facilities will be provided * * * may not directly, or through 
contractual or other arrangements, utilize criteria or methods of 
administration which have the effect of subjecting individuals to 
discrimination, because of their race, color or national origin, or 
have the effect of defeating or substantially impairing 
accomplishment of the objectives of the program with respect to 
individuals of a particular race, color or national origin (emphasis 
added) * * *.

    Section 188 of the Workforce Investment Act adopts the same 
prohibition against national origin discrimination that is found in 
Title VI: ``No individual shall be excluded from participation in, 
denied the benefits of, subjected to discrimination under, or denied 
employment in the administration of or in connection with any such 
program because of race, color, national origin, sex, religion, 
disability, political affiliation or belief, citizenship, or age.''
    Regulations implementing the nondiscrimination and equal 
opportunity provisions of section 188 of the Workforce Investment Act 
of 1998, speak specifically to national origin discrimination and 
language access at 29 CFR 37.35:

    (a) A significant number or proportion of the population 
eligible to be served, or likely to be directly affected, by a WIA 
Title I-financially assisted program or activity may need services 
or information in a language other than English in order to be 
effectively informed about, or able to participate in, the program 
or activity. Where such a significant

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number or proportion exists, a recipient must take the following 
actions:
    (1) Consider:
    (i) The scope of the program or activity; and
    (ii) The size and concentration of the population that needs 
services or information in a language other than English; and
    (2) Based on those considerations, take reasonable steps to 
provide services and information in appropriate languages. This 
information must include the initial and continuing notice required 
under Secs. 37.29 and 37.30, and all information that is 
communicated under Sec. 37.34.
    (b) In circumstances other than those describe in paragraph (a) 
of this section, a recipient should nonetheless make reasonable 
efforts to meet the particularized language needs of limited-English 
speaking individuals who seek services or information from the 
recipient.

    Title VI and the Department of Labor regulations implementing Title 
VI published at 29 CFR part 31 apply to any program or activity 
receiving federal financial assistance from the Department of Labor. 
Some programs and activities receiving federal financial assistance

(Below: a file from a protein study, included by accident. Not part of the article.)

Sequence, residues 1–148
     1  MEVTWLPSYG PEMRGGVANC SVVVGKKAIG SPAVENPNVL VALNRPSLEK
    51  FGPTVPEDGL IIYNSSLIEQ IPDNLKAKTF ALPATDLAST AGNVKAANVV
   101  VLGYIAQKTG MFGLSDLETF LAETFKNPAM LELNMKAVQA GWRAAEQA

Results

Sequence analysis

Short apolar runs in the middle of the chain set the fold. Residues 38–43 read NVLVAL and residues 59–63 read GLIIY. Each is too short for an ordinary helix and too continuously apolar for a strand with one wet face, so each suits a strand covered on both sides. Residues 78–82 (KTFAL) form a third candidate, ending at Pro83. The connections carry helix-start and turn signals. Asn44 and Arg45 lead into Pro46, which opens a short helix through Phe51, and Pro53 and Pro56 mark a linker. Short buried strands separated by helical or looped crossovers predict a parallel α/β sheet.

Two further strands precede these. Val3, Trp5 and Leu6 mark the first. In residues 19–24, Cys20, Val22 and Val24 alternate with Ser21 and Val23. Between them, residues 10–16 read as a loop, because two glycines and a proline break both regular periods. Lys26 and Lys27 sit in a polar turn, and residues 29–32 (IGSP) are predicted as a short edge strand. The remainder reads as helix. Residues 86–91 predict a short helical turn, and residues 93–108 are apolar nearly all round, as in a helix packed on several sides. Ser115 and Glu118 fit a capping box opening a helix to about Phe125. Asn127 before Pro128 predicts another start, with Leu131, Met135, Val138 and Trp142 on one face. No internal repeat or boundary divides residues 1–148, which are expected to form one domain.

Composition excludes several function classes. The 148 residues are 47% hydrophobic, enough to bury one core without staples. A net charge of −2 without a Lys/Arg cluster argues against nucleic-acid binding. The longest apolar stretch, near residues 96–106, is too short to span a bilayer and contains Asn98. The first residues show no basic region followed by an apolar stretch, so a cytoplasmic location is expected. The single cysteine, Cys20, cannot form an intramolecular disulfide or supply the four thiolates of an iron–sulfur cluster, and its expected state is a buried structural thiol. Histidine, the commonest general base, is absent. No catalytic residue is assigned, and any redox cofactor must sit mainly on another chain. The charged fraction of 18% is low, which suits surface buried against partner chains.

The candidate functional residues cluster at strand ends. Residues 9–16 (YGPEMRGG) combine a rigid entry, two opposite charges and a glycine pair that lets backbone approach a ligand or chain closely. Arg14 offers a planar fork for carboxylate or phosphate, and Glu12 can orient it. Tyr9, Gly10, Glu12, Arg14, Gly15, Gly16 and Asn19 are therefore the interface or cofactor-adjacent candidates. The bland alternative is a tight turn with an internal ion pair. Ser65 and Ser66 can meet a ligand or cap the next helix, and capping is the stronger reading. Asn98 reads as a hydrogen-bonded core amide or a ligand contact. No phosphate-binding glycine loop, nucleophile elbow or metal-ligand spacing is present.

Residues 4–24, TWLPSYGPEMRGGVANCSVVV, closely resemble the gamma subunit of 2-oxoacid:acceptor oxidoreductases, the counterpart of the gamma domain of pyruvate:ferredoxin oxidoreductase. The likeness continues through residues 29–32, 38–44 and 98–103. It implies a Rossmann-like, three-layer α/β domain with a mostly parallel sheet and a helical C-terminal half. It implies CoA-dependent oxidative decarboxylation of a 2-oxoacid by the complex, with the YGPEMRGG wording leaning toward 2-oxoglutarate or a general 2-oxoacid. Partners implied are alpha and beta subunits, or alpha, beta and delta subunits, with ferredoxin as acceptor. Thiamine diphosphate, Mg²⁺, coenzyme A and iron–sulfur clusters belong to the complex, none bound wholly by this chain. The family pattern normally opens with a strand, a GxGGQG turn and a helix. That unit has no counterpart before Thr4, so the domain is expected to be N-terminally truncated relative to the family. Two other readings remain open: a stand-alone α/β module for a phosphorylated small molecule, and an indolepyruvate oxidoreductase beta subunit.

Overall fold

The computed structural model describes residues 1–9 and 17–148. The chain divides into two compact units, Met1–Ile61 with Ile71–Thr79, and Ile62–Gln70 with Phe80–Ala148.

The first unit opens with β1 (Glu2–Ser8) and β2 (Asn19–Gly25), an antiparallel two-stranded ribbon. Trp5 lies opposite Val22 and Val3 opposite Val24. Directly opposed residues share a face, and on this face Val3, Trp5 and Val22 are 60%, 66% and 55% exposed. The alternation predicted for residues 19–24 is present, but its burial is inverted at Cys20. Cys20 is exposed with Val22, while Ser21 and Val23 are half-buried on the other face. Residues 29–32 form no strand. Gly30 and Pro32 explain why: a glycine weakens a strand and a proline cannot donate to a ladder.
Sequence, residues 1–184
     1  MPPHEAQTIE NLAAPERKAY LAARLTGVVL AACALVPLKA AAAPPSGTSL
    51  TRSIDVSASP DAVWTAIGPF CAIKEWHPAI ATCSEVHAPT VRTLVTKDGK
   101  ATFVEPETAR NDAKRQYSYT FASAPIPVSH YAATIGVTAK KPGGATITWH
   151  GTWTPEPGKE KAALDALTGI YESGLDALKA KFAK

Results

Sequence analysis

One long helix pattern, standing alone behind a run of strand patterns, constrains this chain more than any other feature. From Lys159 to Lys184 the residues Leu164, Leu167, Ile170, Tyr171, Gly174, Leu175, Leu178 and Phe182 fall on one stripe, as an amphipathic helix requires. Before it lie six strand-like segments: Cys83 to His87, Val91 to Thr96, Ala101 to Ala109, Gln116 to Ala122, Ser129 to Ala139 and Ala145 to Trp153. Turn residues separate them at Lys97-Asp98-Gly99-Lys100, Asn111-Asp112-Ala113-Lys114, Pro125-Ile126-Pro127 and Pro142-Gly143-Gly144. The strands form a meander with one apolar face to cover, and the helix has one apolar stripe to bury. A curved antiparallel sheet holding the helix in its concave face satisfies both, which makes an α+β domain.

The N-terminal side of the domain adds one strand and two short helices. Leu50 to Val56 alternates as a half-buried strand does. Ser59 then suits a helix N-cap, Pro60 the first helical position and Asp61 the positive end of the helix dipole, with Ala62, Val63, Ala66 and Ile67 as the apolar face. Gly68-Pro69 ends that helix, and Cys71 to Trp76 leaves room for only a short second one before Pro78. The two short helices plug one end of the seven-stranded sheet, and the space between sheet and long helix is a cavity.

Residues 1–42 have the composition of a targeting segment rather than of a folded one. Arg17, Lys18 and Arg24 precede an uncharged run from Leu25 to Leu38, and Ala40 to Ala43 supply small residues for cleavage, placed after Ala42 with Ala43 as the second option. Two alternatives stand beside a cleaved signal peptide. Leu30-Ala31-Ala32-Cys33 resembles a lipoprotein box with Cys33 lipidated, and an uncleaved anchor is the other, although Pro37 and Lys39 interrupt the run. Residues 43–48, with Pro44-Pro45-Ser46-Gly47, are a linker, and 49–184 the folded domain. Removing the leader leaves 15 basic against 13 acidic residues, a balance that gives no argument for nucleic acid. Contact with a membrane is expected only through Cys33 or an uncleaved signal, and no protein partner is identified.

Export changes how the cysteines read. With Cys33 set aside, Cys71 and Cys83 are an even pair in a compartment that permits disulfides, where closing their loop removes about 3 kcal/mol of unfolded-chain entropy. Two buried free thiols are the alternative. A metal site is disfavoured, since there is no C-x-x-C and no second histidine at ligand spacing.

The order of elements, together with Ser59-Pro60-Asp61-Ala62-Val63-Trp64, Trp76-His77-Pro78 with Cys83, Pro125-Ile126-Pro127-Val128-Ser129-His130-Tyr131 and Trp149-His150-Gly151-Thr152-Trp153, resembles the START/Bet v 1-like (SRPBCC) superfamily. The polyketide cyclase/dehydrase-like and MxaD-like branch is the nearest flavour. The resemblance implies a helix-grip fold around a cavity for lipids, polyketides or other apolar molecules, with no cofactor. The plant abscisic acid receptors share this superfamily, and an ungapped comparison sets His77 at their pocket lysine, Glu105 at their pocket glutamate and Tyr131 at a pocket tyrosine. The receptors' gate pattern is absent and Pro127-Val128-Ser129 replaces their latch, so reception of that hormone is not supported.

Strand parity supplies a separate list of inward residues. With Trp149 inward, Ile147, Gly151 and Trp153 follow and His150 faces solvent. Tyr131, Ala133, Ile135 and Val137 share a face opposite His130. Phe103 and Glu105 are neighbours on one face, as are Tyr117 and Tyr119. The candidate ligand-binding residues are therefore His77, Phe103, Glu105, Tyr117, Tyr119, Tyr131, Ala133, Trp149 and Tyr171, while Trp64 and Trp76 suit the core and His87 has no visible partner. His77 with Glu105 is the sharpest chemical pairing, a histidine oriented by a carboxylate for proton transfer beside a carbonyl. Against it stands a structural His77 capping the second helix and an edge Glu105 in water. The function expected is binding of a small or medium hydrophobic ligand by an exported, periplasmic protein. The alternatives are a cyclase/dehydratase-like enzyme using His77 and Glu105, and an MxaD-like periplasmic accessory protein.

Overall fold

from the Department of Labor are covered only under Title VI and the 
Department of Labor's Title VI regulations (e.g., programs receiving 
assistance through the Mine Safety and Health Act and the Occupational 
Safety and Health Act).
    Some programs and activities receiving Department of Labor 
financial assistance, i.e., those that receive financial assistance 
under Title I of WIA, are covered under both the DOL Title VI 
regulations and the section 188 implementing regulations. The 
regulation at 29 CFR 37.3 states that compliance with the regulations 
in 29 CFR part 37 will satisfy obligations of the recipient to comply 
with 29 CFR part 31.
    The section 188 implementing regulations found in 29 CFR part 37 
apply to any program or activity receiving financial assistance under 
Title I of WIA. In addition, the section 188 implementing regulations 
apply to programs and activities that are part of the One-Stop delivery 
system and that are operated by One-Stop partners listed in section 
121(b) of WIA, to the extent that the programs and activities are being 
conducted as part of the One-Stop delivery system. Some One-Stop 
programs and activities receive federal financial assistance from other 
federal agencies (e.g., Department of Education and Department of 
Housing and Urban Development). For purposes of the regulations in 29 
CFR Part 37, however, ``One-Stop partners,'' as defined in section 
121(b) of WIA, are treated as ``recipients,'' and are subject to the 
nondiscrimination requirements to the extent that they participate in 
the One-Stop delivery system. Some programs and activities that are 
part of the One-Stop delivery system and that receive financial 
assistance from a federal grantmaking agency other than the Department 
of Labor are covered under the Section 188 implementing regulations, 
but not under DOL's Title VI regulations. However, these programs and 
activities are subject to the Title VI regulations of a federal 
grantmaking agency other than the Department of Labor.
    Although the regulatory language differs, the obligations of